An Artful Night for the Dallas Children’s Advocacy Center


If you haven%26rsquo;t yet secured your tickets for the fifth annual Art + Advocacy Auction benefitting the Dallas Children%26rsquo;s Advocacy Center, you may want to snag a set post haste. (Click to dcac.org for deets.) The artful evening, held at Fashion Industry Gallery on November 3, will feature plenty of Southern-style bites, sweets courtesy of Pecan Lodge Catering, danceable beats from DJ Jennifer Miller and Paul Paredes and, of course, a live and silent auction brimming with works from more than 120 emerging and established artists. We had the chance to chat with three of those showcased artists %26mdash; Shane Pennington, Brian Gibb and Pamela Nelson. Just what did we find out? Hint: At age five, one of them wanted to work on a dump truck.

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Shane Pennington

Describe your style. What medium do you prefer to work in?

My style is conceptual and contemporary. I work in steel, stone, copper wire, video, cardboard %26mdash; basically any materials that I can get my hands on.
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What did you want to be at age five?

At age five I wanted to work on a dump truck. At age ten, my grandmother lived with my family and she was an artist. One afternoon I painted a landscape with her in our garage and she gave me a very expensive gold-leaf fame to put around the piece. I decided to walk my neighborhood and knock on all the doors to sell the painting for eight dollars. An elderly couple purchased it from me. My family still laughs about the experience because the gold-leaf frame was worth about $100. I guess you can say I started early as an artist. And that elderly couple got a deal.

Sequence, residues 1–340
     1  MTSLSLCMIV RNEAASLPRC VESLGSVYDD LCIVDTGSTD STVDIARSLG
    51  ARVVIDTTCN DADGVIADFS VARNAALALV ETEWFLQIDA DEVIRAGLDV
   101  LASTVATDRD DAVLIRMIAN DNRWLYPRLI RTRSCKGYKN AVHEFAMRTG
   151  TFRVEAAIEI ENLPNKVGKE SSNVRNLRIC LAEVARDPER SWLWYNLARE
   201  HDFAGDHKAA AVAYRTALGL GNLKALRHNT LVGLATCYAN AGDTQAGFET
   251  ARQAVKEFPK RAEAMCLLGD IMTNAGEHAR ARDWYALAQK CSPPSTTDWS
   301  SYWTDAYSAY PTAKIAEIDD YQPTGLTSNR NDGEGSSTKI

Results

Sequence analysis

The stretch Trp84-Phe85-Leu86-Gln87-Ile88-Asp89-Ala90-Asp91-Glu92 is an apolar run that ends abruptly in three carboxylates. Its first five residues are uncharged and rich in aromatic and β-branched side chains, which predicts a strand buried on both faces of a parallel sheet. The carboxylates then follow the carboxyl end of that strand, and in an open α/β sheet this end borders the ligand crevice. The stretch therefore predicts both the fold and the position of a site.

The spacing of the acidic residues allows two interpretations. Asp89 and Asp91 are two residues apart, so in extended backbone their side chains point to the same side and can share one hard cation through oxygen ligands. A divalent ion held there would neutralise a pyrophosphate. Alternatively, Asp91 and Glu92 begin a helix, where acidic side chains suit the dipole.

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What or who inspires you?

A great piece of classical music.%26nbsp;Yves Klein's Monotone Symphony sends chills down my back. %26nbsp;

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Name three things that are always in your studio.

Incense, tons of paint and great music.

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%26nbsp;How did you choose what piece to donate to Art + Advocacy? What is it about the piece that you thought would be perfect to showcase at this event?

In selecting my piece for Art + Advocacy, I chose one that reflects my position and mood as an artist today. %26nbsp;I feel it%26rsquo;s important as artists to allow viewers to see the world around them through a different set of eyes or through our own personal experiences.

Artist Shane Pennington

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Name three things in your travel bag.

Twelve-inch black boots, twelve-inch black tennis shoes, twelve-inch black dress shoes. Of course now I have very little room for clothing. Another option is a second bag.

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%26nbsp;What%26rsquo;s the best advice you%26rsquo;ve ever received?

"To find your way, just enjoy making your art."%26nbsp;

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The worst?

%26ldquo;Walk behind that horse."%26nbsp;

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Brian Gibb

%26nbsp;Describe your style. What medium do you prefer to work in?